The Theology of the Heart of Jesus: Part II

My work on reading and translating Alfred Delp’s prison writings on the devotion to the Heart of Jesus has been delayed due to being asked to take over a parish while the pastor is away. I did not have the opportunity to sit and read until this afternoon.

Delp’s attempt to connect the word “searching” with the “redemptive will of God” caught my attention. He provides an image of a restless God, who is not content with the status quo. What also caught my attention was his deliberate effort to connect the heart of Jesus with the person of Jesus. This is not a disincarnate spirituality, but concrete and existential one!

Berlin-Tegel Prison

Sacred Heart 4The language of the theology of devotion is the language of love. Many good theologians, who are like the rationalists, dread to take the expression of the heart into their mouths.

Whoever really cared for someone do not need lengthy considerations on the heart as a symbol of feelings for others. One knows what to  say, “You good heart. You love!” And so one can believe: what can truly go against goodness, genuineness, faithfulness, and commitment. Something similar applies here [in the devotion to the heart of Jesus].

The devotion concerns the reconnection of the inner desires and stance of Christ towards humanity: Jesus Christ as the incarnate redemptive will of God, as the renewing redemptive will of God, as that calling and searching redemptive will towards humanity…

The call of the personal God happens for two reasons: (1) for healing; (2) for the interior conversion to the form of Christ, i.e. to have the willingness and capacity to become effective and fruitful instruments of the redemptive and searching salvific will of the Lord.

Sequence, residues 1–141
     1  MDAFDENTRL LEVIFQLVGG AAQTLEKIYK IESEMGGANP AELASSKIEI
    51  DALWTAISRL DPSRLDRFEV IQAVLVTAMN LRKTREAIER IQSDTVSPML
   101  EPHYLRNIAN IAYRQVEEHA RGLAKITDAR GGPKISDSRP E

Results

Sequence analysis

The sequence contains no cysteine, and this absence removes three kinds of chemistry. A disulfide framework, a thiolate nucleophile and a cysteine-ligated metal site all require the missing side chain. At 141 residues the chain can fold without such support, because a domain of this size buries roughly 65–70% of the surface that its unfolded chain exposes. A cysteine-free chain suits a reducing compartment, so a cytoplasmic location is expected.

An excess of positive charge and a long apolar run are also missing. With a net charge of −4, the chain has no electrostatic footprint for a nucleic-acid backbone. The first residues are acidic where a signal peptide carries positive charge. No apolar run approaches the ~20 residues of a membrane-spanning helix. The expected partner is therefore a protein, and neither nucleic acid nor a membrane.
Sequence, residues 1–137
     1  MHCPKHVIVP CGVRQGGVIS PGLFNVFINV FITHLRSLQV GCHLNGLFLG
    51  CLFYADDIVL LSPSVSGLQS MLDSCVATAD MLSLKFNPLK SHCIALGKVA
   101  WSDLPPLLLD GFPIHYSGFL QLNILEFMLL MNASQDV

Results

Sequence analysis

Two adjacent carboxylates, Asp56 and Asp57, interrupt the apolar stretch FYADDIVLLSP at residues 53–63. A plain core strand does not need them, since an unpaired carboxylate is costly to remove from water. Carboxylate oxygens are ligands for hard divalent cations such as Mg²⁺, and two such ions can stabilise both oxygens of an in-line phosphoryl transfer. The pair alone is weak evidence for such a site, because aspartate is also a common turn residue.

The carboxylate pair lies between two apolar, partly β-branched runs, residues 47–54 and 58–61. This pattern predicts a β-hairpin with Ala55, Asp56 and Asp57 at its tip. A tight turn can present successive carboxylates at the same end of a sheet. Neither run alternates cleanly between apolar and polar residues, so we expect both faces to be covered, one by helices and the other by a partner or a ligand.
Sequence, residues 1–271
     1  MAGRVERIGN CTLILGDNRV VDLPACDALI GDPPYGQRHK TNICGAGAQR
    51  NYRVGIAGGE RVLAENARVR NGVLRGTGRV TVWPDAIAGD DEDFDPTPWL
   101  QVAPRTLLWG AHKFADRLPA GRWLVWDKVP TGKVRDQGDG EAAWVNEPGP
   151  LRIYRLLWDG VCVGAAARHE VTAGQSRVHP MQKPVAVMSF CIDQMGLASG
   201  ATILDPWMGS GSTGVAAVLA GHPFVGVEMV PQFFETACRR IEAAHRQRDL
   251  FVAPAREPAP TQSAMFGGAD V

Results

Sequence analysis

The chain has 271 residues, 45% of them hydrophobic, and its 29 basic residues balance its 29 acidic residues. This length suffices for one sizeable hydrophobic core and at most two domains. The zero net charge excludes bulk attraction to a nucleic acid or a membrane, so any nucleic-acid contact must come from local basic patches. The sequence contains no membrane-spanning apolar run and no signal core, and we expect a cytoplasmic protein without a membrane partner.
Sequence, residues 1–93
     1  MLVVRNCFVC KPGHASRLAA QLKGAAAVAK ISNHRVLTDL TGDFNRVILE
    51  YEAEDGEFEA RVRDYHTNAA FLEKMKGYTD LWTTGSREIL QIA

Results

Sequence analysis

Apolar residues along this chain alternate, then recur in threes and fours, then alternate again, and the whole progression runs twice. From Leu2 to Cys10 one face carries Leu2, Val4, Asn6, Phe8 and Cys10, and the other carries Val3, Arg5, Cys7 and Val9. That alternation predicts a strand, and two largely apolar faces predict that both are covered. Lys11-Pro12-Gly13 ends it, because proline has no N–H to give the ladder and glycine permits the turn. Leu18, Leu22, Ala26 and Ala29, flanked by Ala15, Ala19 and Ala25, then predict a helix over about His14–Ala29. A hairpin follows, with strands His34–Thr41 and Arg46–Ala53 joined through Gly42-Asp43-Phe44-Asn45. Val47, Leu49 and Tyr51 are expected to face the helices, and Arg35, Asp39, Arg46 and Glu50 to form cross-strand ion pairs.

From here comes the thoughts of atonement, satisfaction, etc. The desires of Christ renew and fulfill, the desires transform and join us to Christ.

I have spoken of the renewal in Christ, which happens in this devotion. This means two things. Firstly, a rediscovery of the theological Christ as the God-man. This does not suggest a call for a doctrinal rediscovery, but a practical and devotional one.  People of religious consciousness should not just appeal to the Christ of history, who performed good deeds. One compares the image of Christ which was shown in Goethe’s “Poetry and Truth” to the farthest of German circles, with that what is meant here, and one understands the distinction.

Sacred Heart contemporary iconThis is at the same time about another rediscovery: that of the person of Christ. The fact that the complete theological fullness, the whole divine purpose, the uniqueness of humanity revealed themselves in an incredible richness in the desires and stance of Christ.

The message of the this devotion arguably is that the fullness of salvation exists in the person of Christ; it is realized in the redemption caused by Jesus Christ – affirmed, approved, and carried out as a desire of Christ for humanity.

Here now it becomes apparent, that this twofold rediscovery of Christ concerns a renewed announcement of the message of God and his desires for relationship with humanity in contemporary time. It is God’s rescue of the human species within and beyond the church.

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